Wage/Hour Rules – Beware of Changes, Tougher Enforcement

Posted March 1, 2024 at 7:02 am

Running a successful laundry today takes a commitment to clients. But if operators emphasize the bottom line over complying with employee wage/hour rules, they could face fines or jail time. You can get the latest on wage/hour rules and enforcement trends in this month’s Textile Services magazine.

The article, titled “Avoiding Overtime Penalties – Employers Grapple with Changing Wage/Hour Rules,” offers linen, uniform and facility services leaders an overview of regulations promulgated by the U.S. Department of Labor’s Wage/Hour Division through federal laws, including the Fair Labor Standards Act (FLSA). While the FLSA dates to 1938, today’s DOL leadership updates its regulations to reflect societal shifts. The article explores key issues including:

  • Who does or doesn’t qualify for a reclassification from an hourly to a salaried employee?
  • How should managers calculate overtime pay when employees, including “remote” staff, work “off the clock” without recording their hours
  • Trends in enforcement and penalties for violating FLSA requirements.

The first of these, classifying hourly vs. salaried staff is a “hearty perennial” that company leaders must address. The typical scenario is when you have a productive hourly employee who accumulates a lot of overtime. You may consider reassigning him or her to a salaried post. That way, you offer the employee a path into management with higher pay but no overtime. The employee could qualify for an overtime exemption if they have certain duties such as computer professionals, outside sales or they are highly compensated. But the key issue, says Matthew C. Heerde, principal at Heerde Law, New York, is the level of decision-making authority they have. “While the duties tests vary by exempt category, they boil down to one essential: The exempt person must exhibit sufficient independent authority to make essential decisions in their daily work. Just being assigned an impressive-sounding job title is not enough.”

The article adds that the minimum salaries required for exempt-status employees is increasing. Last fall, the DOL issued proposed rules that substantially hiked the minimum salary level from the $684 per week ($35,568 annually) to $1,059 ($55,068 annually). Cost of living increases every three years are also under consideration, says Douglas E. Witte, who represents businesses in labor- and employment-law matters at Boardman & Clark LLC, Madison, WI.

When calculating overtime pay, employers must ensure that hourly staff aren’t working “off the clock,” i.e., without compensation. Even if they do minor tasks during off hours, they must document any time spent on such efforts. Keeping track of overtime has grown more complicated with the rise of “remote” employees. However, failing to keep track of overtime by any staff member puts employers at risk. “Sometimes people will work off-the-clock for a few minutes – maybe they check their emails over dinner or make a phone call or two – and the employer thinks that’s OK,” says Vicki Lambert, director of ThePayrollAdviser.com. In fact, companies must pay hourly staff for all work-related tasks, even if the employer bans staff from working at home. In such cases, employers may discipline staff with verbal or written warnings, up to and including dismissal. But they can’t levy financial penalties on such employees.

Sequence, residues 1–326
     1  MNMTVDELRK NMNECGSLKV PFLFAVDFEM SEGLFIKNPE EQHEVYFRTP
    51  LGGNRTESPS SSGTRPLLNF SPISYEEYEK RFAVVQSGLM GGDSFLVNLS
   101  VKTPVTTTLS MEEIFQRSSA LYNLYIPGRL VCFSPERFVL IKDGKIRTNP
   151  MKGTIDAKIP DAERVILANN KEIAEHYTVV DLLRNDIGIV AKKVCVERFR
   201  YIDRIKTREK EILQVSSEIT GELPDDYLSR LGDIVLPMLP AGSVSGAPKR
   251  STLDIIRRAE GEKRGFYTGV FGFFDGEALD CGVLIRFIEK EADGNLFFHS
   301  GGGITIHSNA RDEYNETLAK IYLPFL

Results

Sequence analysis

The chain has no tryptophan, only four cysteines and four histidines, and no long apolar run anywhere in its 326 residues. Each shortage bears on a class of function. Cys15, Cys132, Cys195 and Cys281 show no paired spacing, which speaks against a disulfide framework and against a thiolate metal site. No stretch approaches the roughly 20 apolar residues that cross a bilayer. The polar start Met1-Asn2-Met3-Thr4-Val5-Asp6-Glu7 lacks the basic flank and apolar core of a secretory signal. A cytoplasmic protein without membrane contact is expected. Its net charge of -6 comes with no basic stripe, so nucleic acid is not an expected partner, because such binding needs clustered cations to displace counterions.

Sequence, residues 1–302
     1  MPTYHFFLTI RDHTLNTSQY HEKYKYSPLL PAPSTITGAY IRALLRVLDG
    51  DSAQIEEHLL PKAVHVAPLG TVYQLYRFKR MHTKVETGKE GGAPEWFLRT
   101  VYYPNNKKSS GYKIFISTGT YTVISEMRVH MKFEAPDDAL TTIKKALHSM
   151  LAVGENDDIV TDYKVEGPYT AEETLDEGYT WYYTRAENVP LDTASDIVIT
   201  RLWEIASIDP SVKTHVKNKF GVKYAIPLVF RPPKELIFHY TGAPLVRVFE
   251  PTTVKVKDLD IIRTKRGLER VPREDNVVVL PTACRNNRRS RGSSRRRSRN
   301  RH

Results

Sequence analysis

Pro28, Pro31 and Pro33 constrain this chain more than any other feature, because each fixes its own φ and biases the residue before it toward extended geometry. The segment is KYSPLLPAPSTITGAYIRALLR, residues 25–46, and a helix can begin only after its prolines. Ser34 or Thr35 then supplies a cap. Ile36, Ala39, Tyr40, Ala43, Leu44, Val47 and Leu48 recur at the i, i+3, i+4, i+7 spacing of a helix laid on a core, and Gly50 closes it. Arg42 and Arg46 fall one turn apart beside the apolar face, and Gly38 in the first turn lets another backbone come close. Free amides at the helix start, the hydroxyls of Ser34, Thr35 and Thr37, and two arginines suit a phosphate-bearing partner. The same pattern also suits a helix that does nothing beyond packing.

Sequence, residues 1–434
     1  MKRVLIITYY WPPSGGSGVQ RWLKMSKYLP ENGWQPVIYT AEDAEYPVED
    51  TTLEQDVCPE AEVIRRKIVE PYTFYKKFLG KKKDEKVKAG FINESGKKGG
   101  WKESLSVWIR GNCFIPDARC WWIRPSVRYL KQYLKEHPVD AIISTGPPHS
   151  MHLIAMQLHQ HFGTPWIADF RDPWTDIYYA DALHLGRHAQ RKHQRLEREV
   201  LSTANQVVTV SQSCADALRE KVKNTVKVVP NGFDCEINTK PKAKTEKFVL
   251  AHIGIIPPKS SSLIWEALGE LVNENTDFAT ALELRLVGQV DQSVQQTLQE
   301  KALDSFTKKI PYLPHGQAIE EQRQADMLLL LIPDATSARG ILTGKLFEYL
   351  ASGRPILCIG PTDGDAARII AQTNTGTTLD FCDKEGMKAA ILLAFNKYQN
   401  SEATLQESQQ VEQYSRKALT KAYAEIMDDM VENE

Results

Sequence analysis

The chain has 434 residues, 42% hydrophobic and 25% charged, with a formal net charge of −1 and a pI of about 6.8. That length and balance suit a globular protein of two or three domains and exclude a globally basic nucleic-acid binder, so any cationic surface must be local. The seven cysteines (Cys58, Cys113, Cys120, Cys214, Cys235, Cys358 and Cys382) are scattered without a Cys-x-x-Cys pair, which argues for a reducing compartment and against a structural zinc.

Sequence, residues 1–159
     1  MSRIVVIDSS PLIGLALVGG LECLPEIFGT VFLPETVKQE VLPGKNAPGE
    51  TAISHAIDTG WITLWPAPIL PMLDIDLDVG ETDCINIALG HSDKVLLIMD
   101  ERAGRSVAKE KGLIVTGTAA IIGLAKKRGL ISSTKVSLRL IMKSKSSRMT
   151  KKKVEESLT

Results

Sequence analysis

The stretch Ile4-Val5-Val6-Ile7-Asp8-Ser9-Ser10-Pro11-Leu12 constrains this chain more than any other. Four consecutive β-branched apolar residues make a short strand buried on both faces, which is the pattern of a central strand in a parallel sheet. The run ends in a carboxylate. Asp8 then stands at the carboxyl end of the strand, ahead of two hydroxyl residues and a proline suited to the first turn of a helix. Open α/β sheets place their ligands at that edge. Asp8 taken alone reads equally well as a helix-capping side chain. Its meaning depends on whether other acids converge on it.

The article further points out that employer negligence in requiring staff to comply with wage/hour rules can lead to enforcement actions against employers by the DOL, Internal Revenue Service or state agencies. The article notes that targeting wage/hour violations is a high priority for President Joe Biden (D). Consequently, federal agencies have beefed up enforcement of wage/hour rules. Employees also may bring class-action lawsuits if one or more employees believe their company hasn’t complied with overtime rules.

Finally, the expanded enforcement effort includes a greater willingness to cite labor-law violators with “intentionality” i.e., knowingly withholding overtime pay. These acts can draw criminal penalties. “The Department of Labor and state prosecutors are devoting more attention to finding that violations of the Fair Labor Standards Act (FLSA) and other wage-and-hour laws constitute criminal acts,” says Bob Gregg, co-chair of the Employment Practice Law Group at Boardman and Clark. “The big difference is that the company pays most of the civil liability. In criminal cases, the individual gets convicted.”

Click here for a PDF version of the full article in March’s Textile Services. Click here for information on subscribing to Textile Services.